For instance, when thinking about our own privilege and our roles in systemic racism, the beatitudes may prompt us to ask: Is this education or health or justice system one that mirrors our hunger and thirst for righteousness, especially for those who Jesus' ministry prioritizes?

Or does it serve primarily to protect and serve those who already have access to good education, adequate health care, and justice?  Is it merciful? Does it reflect the pure heart of the one we proclaim to be the Redeemer of the world? Does it strive for peace or does it promote division and fear among people?

Jesus’ ministry. God’s agency.

As another instance, let’s think about our annual meeting this weekend within the framework of this idea that we are God’s agents and when we become disciples of Jesus’ ministry, God uses us to tend to the poor in spirit, those who mourn and the meek.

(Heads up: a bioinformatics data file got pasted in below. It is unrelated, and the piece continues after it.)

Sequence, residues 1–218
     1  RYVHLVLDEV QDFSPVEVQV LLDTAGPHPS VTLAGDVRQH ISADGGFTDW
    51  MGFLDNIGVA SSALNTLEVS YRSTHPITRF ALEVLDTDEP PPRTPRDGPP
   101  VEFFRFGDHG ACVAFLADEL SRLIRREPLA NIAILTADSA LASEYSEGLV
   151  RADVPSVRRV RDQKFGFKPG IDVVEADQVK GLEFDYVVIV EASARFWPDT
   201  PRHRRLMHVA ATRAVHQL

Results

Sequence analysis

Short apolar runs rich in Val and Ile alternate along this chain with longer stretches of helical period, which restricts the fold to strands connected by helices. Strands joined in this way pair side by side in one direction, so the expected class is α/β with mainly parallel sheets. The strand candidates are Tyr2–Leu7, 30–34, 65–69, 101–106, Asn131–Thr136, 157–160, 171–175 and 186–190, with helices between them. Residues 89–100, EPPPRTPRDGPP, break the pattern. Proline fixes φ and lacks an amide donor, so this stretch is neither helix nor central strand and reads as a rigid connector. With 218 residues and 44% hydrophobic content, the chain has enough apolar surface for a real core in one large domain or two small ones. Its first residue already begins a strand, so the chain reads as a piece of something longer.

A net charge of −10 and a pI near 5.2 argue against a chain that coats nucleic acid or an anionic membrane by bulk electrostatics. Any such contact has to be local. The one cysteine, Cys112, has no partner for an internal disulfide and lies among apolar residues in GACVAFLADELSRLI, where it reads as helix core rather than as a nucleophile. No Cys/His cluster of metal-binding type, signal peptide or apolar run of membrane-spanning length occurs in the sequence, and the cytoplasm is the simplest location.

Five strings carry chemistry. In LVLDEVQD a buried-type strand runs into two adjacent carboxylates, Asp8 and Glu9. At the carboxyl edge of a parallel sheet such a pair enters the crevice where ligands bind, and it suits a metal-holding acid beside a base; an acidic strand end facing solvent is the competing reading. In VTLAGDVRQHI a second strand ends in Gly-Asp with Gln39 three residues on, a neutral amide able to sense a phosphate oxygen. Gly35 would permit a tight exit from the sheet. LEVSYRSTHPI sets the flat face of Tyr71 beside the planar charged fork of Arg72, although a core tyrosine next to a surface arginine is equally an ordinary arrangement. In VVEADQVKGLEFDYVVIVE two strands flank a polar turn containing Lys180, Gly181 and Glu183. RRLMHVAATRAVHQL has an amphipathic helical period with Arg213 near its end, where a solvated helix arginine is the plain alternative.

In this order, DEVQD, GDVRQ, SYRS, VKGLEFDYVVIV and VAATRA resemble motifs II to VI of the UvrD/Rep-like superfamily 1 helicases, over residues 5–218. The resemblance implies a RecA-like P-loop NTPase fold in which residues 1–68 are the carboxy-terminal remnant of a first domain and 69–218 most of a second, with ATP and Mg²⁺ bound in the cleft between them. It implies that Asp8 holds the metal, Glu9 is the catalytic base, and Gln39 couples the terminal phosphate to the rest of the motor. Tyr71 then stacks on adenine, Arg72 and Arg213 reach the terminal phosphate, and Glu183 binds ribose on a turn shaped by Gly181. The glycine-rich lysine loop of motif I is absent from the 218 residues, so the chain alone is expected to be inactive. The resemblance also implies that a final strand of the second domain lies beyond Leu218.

During our meeting I will read an overview of the ministry of this faith community, and I suspect you will recognize places where we have already served as God’s Jesus-following agents. We celebrate these things and give thanks to God for working these things through us. We offer them back to God and tune our hearts to hear how God continues to use us now.

And, during our meeting, we will also hear about places in our ministries and worshipping lives together that need some bolstering. We have committees that need your time and knowledge. We have a general fund that started the New Year in the red and demands that we look closely and sacrificially at our spending and our giving. We have projects that require some labor and skill. We have opportunities for spiritual growth and community connection that need people to take advantage of them.

And, as we consider these reasons for thanksgiving and these reasons for concern, Jesus calls us through the teaching of the beatitudes to also ask: Does our worshipping life together and our ministry mirror our hunger and thirst for righteousness, especially for those who Jesus' ministry prioritizes?